30 October 2007

The other night, Matt was showing me his newly unlocked iPod Touch. I was playing with the shell application – just poking around, running top, etc – and rotated the iPod onto its side, just to see if the screen-rotation stuff worked in the third-party application.

After a while, Matt picked up what I was doing – as I poked around, when I found an app that felt like it should have a horizontal view, I would tip the iPod over, wait a second, and then tip it back.

It reminds me of a running joke my parents had with me ever since I was little. I used to pick up Christmas presents and shake them, and if they rattled, I’d assume that they were Lego (Lego, at the time, being the only kind of present I got that rattled). Ever since, we’ve always joked that rattling presents are Lego. And just like I rattled presents to see if they had the potential to be Lego, so you “rattle” the iPod to see if an application has the potential to be rotated.

You don’t necessarily need a visual signpost (an icon or alert) that such functionality is available; you just rotate the device, wait a second, and then flip it back. As a user, you’re interrogating the user to see if that particular interaction is possible. Is that good design? In some kinds of interaction, I don’t think so; you don’t want to poke every button or crawl through every menu just to find out what is or isn’t possible.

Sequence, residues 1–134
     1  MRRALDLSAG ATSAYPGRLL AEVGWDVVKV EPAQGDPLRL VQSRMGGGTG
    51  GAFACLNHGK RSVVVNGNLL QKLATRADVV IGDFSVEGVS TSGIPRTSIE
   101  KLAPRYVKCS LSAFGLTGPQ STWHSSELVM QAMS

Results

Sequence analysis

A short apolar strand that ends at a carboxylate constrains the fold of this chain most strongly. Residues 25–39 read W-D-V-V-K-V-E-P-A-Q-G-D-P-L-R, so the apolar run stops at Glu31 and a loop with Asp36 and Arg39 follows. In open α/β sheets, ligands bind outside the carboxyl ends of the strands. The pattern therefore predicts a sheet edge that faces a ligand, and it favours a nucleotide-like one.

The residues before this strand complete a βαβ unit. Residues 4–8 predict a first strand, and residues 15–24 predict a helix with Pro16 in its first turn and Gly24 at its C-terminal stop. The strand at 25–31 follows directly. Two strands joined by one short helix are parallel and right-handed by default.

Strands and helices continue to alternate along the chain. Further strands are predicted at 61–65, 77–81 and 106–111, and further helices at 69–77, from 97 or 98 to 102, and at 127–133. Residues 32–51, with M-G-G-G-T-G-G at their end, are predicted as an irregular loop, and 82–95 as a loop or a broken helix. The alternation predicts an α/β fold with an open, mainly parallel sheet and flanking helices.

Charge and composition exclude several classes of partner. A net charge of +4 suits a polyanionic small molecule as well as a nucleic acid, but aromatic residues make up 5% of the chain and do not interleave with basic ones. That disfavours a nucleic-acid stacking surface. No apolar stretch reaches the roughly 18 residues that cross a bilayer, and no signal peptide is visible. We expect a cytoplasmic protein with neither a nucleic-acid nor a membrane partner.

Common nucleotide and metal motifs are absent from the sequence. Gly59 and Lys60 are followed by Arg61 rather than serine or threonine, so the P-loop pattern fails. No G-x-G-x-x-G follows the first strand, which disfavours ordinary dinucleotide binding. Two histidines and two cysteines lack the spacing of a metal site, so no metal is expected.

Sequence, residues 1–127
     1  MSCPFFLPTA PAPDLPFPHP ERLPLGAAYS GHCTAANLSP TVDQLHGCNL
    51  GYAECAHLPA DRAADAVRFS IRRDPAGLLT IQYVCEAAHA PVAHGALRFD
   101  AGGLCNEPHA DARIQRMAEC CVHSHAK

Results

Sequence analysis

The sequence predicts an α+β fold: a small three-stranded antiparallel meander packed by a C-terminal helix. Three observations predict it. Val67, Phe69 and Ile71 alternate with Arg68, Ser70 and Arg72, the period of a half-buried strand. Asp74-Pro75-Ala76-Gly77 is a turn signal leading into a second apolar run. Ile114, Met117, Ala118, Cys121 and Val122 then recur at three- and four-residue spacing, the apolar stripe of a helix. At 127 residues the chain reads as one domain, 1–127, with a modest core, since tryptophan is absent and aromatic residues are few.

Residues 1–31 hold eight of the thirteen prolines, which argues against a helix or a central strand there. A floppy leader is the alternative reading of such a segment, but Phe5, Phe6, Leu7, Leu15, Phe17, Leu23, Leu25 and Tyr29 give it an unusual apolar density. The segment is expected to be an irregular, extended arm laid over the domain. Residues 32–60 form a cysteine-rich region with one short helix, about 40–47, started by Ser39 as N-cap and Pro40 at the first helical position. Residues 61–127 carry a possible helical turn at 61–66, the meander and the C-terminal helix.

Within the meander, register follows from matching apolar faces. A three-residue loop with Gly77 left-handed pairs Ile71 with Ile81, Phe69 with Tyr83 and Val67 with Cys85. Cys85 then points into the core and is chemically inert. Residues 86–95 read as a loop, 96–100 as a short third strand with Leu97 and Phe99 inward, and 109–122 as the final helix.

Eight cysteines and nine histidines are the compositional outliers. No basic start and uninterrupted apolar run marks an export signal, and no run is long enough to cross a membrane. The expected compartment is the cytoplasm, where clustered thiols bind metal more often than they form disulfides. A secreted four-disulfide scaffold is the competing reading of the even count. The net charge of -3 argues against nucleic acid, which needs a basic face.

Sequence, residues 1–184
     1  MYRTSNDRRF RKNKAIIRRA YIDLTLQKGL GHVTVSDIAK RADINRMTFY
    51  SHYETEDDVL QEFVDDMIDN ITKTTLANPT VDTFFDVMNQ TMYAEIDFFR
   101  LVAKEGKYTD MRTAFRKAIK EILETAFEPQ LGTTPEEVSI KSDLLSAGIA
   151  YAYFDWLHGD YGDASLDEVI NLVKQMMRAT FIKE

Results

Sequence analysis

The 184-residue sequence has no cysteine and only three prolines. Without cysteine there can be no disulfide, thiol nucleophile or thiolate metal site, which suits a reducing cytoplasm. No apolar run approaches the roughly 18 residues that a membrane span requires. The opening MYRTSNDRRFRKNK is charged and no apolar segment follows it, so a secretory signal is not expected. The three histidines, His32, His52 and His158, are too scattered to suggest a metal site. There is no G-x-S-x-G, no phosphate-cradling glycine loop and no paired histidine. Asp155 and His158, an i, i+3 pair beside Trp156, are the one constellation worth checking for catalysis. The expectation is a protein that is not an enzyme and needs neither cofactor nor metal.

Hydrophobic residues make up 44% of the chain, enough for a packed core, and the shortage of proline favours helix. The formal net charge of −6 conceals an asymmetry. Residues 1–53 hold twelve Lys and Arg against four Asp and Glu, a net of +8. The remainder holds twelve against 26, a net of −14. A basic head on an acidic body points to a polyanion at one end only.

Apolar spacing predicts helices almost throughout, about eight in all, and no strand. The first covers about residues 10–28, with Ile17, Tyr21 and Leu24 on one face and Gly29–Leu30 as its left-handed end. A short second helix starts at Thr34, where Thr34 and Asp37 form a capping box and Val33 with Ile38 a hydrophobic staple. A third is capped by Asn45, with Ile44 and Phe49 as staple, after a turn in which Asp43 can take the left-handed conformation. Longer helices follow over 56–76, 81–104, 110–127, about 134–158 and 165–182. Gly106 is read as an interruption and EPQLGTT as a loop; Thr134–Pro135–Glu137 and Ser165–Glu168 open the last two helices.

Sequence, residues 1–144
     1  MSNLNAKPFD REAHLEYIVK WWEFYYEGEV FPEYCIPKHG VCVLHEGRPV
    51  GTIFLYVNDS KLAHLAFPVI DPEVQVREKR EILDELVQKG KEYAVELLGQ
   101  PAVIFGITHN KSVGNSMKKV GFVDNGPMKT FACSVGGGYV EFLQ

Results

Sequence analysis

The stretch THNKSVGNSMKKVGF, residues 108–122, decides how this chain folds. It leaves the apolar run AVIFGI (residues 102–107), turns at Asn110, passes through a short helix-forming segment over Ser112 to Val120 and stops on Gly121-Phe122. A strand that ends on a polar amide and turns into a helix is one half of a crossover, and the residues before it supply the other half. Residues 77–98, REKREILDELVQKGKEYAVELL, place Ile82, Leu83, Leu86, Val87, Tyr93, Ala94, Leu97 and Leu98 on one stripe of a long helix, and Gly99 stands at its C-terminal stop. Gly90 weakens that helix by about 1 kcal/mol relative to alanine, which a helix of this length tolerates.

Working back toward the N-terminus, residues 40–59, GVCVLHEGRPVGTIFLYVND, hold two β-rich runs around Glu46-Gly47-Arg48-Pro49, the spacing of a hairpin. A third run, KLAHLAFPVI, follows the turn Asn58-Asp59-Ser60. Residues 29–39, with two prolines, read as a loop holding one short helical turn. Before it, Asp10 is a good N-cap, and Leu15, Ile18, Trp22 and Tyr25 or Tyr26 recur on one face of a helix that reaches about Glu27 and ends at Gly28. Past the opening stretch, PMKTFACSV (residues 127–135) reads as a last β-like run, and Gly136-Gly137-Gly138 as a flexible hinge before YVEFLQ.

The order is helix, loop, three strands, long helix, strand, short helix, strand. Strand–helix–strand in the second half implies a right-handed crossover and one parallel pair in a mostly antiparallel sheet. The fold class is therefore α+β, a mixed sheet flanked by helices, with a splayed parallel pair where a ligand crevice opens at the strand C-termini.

With the iPod/iPhone, though, we’re not crawling menus; we’re just interrogating the device to see if it supports a single kind of interaction. We only want a true or false back from it. Couple that boolean response with the simplicity of the accelerometer interface, and these “rattling” interactions come at a much lower cost.

I like rattling as a metaphor for this kind of interaction; it’s the equivalent of responds_to? in Ruby, I guess. What are other good examples of rattling-type interactions I’m missing? And how good are the implementations of it in software or on the web?

1 comment on this entry.

  • Tom Carden | 31 Oct 2007

    Mouse-over cursor changes. Definitely.

    Javascript-only onmouseover things normally feel wrong, but throw in the css needed to change the cursor to a pointer (or a hand for dragging) and suddenly it feels like the web again.

    Java and CSS give you a bunch of proper pointers by default, but Flash only gives you two before you have to hide the cursor and fake it at the framerate of the Flash player instead of the OS. Always hated that.

    I think every non-native GUI toolkit has its smells – do the widgets respond to all the OS’s usual keyboard shortcuts (particularly for navigating around text). Adobe products work one way, Microsoft another – I use the kinds of interactions you’ve identified to sniff out a new app and see which pathways will work and which won’t.